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8251Re: [GTh] Re: Son of Man

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  • Jack Kilmon
    Oct 3, 2008
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      ----- Original Message -----
      From: "Michael Grondin" <mwgrondin@...>
      To: <gthomas@yahoogroups.com>
      Sent: Thursday, October 02, 2008 2:42 PM
      Subject: Re: [GTh] Re: Son of Man


      > Paul writes to Maurice:
      >> I agree with your important observations on "son of man" in Thomas.
      >> L.44 could have employed the term but does not. L.86 observes the
      >> irony that animals have homes but people do not. L.106 usage is not
      >> messianic. Apparently the author is unfamiliar with "son of man" as a
      >> messianic title.
      >
      > I would say rather that the author has used 'sons of Man' (capital 'M') as
      > a designation for both Jesus and his disciples. In L.86, for example, it
      > surely would have been seen as patently false that people in general
      > don't have homes. But itinerants don't, and that seems to have been
      > the recognized life-style of Jesus and his early disciples, and one that
      > was recommended in GTh. (L.42 can be read as "Become itinerant.")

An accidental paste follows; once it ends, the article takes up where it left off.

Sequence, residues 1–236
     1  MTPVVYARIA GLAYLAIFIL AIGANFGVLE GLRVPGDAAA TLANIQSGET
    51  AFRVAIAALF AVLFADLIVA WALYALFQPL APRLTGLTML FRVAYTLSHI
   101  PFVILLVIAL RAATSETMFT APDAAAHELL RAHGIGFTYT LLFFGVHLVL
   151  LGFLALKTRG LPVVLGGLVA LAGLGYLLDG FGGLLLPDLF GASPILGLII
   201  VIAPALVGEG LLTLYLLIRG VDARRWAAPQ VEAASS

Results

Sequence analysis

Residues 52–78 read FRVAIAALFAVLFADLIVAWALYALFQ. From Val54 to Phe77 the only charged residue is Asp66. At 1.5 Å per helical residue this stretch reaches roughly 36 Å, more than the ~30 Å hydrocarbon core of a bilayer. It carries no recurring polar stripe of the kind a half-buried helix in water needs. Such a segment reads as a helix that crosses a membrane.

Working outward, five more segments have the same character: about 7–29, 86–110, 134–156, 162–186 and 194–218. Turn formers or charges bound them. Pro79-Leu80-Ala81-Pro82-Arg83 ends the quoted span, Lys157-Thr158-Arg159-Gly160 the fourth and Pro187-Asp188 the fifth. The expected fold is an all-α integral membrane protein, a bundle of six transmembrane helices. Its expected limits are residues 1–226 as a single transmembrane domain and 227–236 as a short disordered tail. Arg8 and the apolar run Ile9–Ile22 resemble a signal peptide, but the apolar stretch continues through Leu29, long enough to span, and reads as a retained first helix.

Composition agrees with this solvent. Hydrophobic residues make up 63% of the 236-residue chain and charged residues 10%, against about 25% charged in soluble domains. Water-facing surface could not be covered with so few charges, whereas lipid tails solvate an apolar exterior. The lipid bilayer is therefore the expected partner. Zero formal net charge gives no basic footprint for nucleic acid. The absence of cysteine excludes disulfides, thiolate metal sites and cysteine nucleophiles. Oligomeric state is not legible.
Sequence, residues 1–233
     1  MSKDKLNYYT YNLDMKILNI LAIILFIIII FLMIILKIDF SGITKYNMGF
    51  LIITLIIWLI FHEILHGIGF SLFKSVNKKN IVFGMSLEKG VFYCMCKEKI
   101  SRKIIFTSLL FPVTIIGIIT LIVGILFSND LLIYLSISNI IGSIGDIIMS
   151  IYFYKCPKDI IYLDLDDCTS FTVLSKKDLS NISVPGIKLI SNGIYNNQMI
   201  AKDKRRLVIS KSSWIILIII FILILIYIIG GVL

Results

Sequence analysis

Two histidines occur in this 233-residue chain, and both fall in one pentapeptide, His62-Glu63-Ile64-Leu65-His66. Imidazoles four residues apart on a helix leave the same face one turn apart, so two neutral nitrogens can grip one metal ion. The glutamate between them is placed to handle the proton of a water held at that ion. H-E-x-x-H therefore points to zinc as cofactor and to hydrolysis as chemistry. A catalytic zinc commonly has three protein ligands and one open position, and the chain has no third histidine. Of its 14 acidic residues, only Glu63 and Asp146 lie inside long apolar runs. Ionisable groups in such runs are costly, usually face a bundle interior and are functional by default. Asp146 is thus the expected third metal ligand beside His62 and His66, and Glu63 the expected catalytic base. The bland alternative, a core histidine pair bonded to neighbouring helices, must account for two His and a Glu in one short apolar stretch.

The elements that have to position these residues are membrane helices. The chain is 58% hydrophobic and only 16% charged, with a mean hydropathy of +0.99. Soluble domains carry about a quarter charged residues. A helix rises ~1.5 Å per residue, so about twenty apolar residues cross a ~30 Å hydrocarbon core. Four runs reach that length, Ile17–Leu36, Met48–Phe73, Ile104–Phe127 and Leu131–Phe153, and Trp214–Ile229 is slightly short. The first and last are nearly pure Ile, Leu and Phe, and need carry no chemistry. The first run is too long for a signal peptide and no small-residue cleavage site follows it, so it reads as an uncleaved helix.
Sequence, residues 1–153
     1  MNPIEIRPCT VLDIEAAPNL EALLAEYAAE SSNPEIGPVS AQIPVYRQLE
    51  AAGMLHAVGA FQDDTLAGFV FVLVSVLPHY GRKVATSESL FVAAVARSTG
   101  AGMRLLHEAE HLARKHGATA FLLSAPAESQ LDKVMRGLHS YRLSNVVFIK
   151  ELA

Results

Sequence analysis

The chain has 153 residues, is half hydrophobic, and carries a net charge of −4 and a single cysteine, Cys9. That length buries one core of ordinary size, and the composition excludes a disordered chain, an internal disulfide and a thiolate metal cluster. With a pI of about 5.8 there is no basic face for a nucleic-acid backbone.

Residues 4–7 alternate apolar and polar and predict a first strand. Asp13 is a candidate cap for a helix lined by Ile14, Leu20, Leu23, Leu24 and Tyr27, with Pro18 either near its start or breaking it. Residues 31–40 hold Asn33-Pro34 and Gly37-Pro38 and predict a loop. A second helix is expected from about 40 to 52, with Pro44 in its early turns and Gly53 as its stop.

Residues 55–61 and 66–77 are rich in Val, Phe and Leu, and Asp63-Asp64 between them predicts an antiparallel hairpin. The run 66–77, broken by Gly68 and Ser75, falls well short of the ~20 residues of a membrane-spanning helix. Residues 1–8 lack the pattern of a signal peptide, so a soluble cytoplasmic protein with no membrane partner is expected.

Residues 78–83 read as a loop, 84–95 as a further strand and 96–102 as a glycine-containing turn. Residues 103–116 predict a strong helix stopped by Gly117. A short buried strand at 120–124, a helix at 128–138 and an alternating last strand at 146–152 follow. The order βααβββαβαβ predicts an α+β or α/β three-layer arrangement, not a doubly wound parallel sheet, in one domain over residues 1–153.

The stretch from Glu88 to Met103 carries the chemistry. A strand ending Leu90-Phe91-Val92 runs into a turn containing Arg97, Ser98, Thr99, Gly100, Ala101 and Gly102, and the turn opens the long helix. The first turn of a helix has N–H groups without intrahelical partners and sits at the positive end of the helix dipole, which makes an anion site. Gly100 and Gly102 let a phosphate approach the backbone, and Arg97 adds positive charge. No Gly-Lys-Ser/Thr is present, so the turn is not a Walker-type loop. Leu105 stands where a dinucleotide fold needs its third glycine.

>
      > In Thomas, the definite article 'the' apparently tells us when the authors
      > were thinking of human beings, and when they were thinking of this special
      > class of (holy) itinerants. In L.28.3, for example, it's just 'sons of
      > men',
      > so that's anybody. But in saying in L.106 that "You will become sons of
      > Man"
      > (capitalization indicating presence of definite article), it's doubly
      > apparent that what's being talked about is becoming something that one
      > is _not_ to begin with. But since everyone is a child of small-m man to
      > begin with, being a child of big-m Man must be something else. This is
      > reinforced by the theme that when one is born, he/she is "two", but that
      > by "making the two one", one becomes a "son of Man". If "the two" be
      > identified as materiality versus spirituality, then the GTh advice is
      > plainly to choose the spiritual over the material, rather than attempt to
      > satisfy both. A natural result of this advice would be to have no fixed
      > home, but rather to become an itinerant preacher (the speaking against
      > whom, since that person would presumably be a voice of the holy spirit,
      > would be unforgiveable, ala L.44.)
      >
      > What would be important to know, in terms of this analysis, is whether
      > Aramaic or the Syriac family had a definite article, or something that
      > functioned as such. Hopefully, Steven or Jack can advise.
      >
      > Mike Grondin
      > Mt. Clemens, MI

      Hi Mike:

      In Biblical and Judean Aramaic, in addition to the absolute and construct
      state there is a determined state. The emphatic -a is postfixed rather than
      prefixed as in the hebrew "ha-" as an aleph or a heh to act as the definite
      article. In later dialects...to a lesser degree in Judean..and Steven can
      talk about Syriac...the post-fixed determinative lost its "definite
      articleness" in some cases to become the normal state of the noun. Son of
      Man = Bar Nash; THE Son of Man = Bar Nasha.

      Jack Kilmon
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